Major Port of Oakland project could have $1 billion upside
A Port of Oakland infrastructure project could boost economic output by $1 billion while improving agricultural export flow.
That’s the conclusion of
Washington State University economists studying a proposed $515 million fix for a major port gateway. Researchers from WSU’s Policy Transportation
Institute said this month that upgrading the port’s Seventh Street entrance would provide myriad benefits. Among them: • A $1.1
billion boost in
economic output for Oakland and surrounding counties; • 375 new jobs; and • An improved supply chain
for U.S. exporters, especially those shipping farm goods overseas. WSU Associate Prof. Eric
the issue of food exports,
given California’s agricultural abundance
more than 400 commodities. Over a third of the country’s vegetables and two-thirds of the country’s fruits and nuts are grown in California.
Los Angeles Times recently reported that California’s booming wine exports to China, which compete with wines from New Zealand and Chile, have met with a major hurdle as China imposed retaliatory tariff on US wine imports. Retaliatory tariffs would also impact California’s nut industry. For example, nearly all US pistachios are grown in the groves of California’s San Joaquin Valley and 70% are sold for export. Market intelligence group Panjiva indicates that Chinese eat almost half of America’s pistachio export, and that pistachios, along with $175 million worth of nuts are set for new taxes. This
fires have also impacted local markets and caused escalating food
prices due to food
shortages Zampa reports that ag
shippers continue to use the Port of Oakland as their leading gateway.
“For instance, just
about 60% of all US edible nut exports are shipped from the Port of Oakland,” he says. Statewide
and industry wide, the US Department of
Jessup presented his findings last week to tree nut exporters at a U.S. Department of Agriculture- sponsored symposium.
university and USDA are hosting four workshops around the country to advance the process of prioritizing infrastructure projects. The focus is on projects that improve agricultural export supply chains. The port is working with
Alameda County’s Transportation Commission to eliminate cargo- hauling bottlenecks at Seventh Street. The thoroughfare is a major gateway on the Port’s westside. Seventh Street fixes would
include separating freight rails from the street, heightening and widening underpass clearance and introducing technology to ease traffic congestion.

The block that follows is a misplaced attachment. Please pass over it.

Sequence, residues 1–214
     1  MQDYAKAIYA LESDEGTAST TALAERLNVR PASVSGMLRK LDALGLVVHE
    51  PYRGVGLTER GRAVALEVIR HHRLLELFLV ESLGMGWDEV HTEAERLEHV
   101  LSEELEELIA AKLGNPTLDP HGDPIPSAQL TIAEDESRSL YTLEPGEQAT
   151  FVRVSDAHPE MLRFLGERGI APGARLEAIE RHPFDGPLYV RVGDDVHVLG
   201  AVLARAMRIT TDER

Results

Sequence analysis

Commerce indicates that in 2017, California exports amounted to $171.9 billion -- an increase from the 2016 total of $163.5 billion. Exports from California
accounted for 11% of total US exports in 2017. Given that California’s top export destinations are Mexico, Canada, China, Japan and Hong Kong, there’s plenty of room for tariffs, trade wars and negotiations for new trade pacts to affect California’s import and export volumes. Besides ag products and
resins, California is well known as this nation’s top exporter for computers, electronic products, transportation equipment, machinery except electrical, and miscellaneous manufactured commodities. Computers and electronic products are California’s top export, accounting for 25.4% of all the state’s exports. Other top categories included agricultural products, chemicals, food manufactures, and electrical equipment. Any fallout from today’s
political environment will no doubt be reflected in California’s trade figures and ultimately its economy. But this short sited vision does not stop California ports from innovating and preparing for handling tomorrow’s large steamships and escalating trade volumes as the state will remain a leader in global commerce.
work is underway on the project. The port and county are seeking federal grants to finance the work that could go on until 2023. Prof. Jessup said improving
Seventh Street would help tree nut producers - and other exporters - move shipments more efficiently to overseas markets. “In the past
five years, the Port of Oakland is the No. 1 US port for containerized edible nut exports,” he said. “But landside access inefficiencies constrain growth.” Oakland handles 59 % of all US
edible nut exports, Prof. Jessup said. The port is adjacent to the Central and San Joaquin valleys where most of the nation’s $7.6 billion worth of nut exports are produced.
The crop includes almonds, walnuts and pistachios. Nuts
Issue 7 2018 - FBJNA are the U.S. agricultural export.
and dried fruits are the Port of Oakland’s second-largest export category. “These are high-value exports
produced almost in our back yard,” said Port of Oakland Maritime Director John Driscoll. “It’s important that we do a good job with the shipments because the industry depends on us to access foreign markets.”
25 Oakland is considered a leading
agricultural export gateway because of its proximity to California’s fertile growing regions. According to the port, growers also choose Oakland because of its position on the Pacific Rim. Oakland is the last US stop for many container ships before they return to Asian markets.
means exports loaded in Oakland spend less time on the ocean, thereby extending shelf life.
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